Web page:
Bladder Health & Pregnancy

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By Alexis Dieter, Assistant Professor, Urogynecology and Reconstructive Pelvic Surgery

Pregnancy is a time of a lot of physical change for your body, including changes in your bladder health. One of the most frequent symptoms during pregnancy is an increase in the number of trips to the bathroom, which unfortunately, can occur in any trimester. I can speak to this personally as I am 39 weeks pregnant!

So why do I have to go more when I’m pregnant? One reason is because the blood flow to your kidneys is increasing. This ensures a sufficient blood supply is reaching your uterus and helps to prepare your body for potential blood loss when you deliver. Another reason is because as your uterus grows, it places more and more pressure on your bladder, thus making it harder to hold these larger volumes comfortably. Despite the increase in bathroom trips, it is important to stay hydrated, so going frequently is a good way to avoid having to rush suddenly to the bathroom.

What if I get a UTI? When you are pregnant, you are at an increased risk of a UTI spreading to your kidneys, although this is a rare occurrence thank goodness. Both the increased pressure from the growing uterus and progesterone’s effect of decreasing tone in the ureters (kidney tubes) that bring urine from your kidneys down to your bladder increase the chance of bacteria spreading from the bladder to your kidneys. Your OB/GYN provider will check your urine for infection several times during your routine prenatal visits, but if you think you have a UTI (burning with urination, urgency to urinate, etc.) you should call your OB-GYN to get tested and possibly treated.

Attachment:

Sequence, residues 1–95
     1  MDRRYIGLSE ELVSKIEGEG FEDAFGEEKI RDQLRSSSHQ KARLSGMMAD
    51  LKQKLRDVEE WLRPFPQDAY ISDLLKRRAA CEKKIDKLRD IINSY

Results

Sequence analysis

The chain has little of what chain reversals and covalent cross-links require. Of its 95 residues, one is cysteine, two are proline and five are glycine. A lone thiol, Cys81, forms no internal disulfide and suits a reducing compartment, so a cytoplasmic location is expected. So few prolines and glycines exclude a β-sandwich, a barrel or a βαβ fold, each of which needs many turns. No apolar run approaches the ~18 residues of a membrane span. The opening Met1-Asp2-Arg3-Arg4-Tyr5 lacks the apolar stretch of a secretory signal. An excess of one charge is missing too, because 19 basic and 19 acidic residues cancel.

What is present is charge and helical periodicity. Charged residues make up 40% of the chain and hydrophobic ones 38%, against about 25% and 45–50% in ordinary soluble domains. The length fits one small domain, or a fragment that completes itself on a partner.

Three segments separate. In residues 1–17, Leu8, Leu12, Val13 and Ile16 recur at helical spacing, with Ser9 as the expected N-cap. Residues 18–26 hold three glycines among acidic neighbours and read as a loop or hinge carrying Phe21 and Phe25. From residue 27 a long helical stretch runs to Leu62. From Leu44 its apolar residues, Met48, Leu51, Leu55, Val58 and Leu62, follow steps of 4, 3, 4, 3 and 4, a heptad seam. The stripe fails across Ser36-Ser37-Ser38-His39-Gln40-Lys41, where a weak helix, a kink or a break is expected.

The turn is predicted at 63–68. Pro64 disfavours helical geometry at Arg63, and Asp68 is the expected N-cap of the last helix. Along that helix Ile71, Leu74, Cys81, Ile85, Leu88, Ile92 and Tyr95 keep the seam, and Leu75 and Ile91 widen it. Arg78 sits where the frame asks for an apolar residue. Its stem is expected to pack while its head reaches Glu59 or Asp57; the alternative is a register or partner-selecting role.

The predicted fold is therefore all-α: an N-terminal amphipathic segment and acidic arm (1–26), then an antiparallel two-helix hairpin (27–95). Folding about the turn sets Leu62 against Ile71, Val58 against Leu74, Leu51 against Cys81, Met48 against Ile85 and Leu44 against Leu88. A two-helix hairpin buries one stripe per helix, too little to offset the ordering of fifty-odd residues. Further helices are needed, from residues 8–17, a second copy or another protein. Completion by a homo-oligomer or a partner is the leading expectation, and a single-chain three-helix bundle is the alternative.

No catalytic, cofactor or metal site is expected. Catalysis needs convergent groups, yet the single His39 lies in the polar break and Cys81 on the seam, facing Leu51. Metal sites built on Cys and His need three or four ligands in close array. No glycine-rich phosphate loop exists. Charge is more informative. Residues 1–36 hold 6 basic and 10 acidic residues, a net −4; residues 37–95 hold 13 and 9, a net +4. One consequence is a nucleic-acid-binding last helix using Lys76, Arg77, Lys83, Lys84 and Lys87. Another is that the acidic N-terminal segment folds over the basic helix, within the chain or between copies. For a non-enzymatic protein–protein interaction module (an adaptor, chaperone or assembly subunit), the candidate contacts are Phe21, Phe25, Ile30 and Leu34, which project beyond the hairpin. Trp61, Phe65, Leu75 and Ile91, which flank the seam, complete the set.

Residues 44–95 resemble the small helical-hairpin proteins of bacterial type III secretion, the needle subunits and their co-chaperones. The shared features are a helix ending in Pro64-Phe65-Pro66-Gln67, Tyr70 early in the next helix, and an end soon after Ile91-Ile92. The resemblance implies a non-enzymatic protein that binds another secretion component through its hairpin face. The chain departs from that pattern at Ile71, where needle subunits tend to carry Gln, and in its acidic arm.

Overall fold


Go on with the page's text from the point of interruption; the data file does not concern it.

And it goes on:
Why am I leaking when I laugh or cough? It is very common for women to experience urinary leakage at some point during pregnancy. You could be coughing, laughing, sneezing, or just bending over to pick something up. This is especially common in the second and third trimesters when the uterus is larger and there is more pressure on your bladder. It is also common after you deliver as your pelvic floor takes time to heal after childbirth.

What can I do to help prevent bladder leakage? Usually, urinary leakage improves after recovering from giving birth. But to help prevent leakage, go to the bathroom regularly to avoid having a very full bladder. You can also practice Kegel exercises to help strengthen your pelvic floor muscles (this can also help with delivery!). In order to correctly identify which muscles are your Kegel muscles, try to stop your urine flow mid-stream when you are using the bathroom. However, do not do this routinely, just once or twice to get to know what muscles you need to contract when doing a Kegel. Try doing 3 sets of up to 10 contractions throughout the day, while holding each contraction 5-10 seconds. Make sure to also work on relaxing your muscles in between contractions, as well as breathing normally. If you are having trouble you can also ask your OB-GYN provider for help identifying the correct muscles and for handouts on exercises.

 

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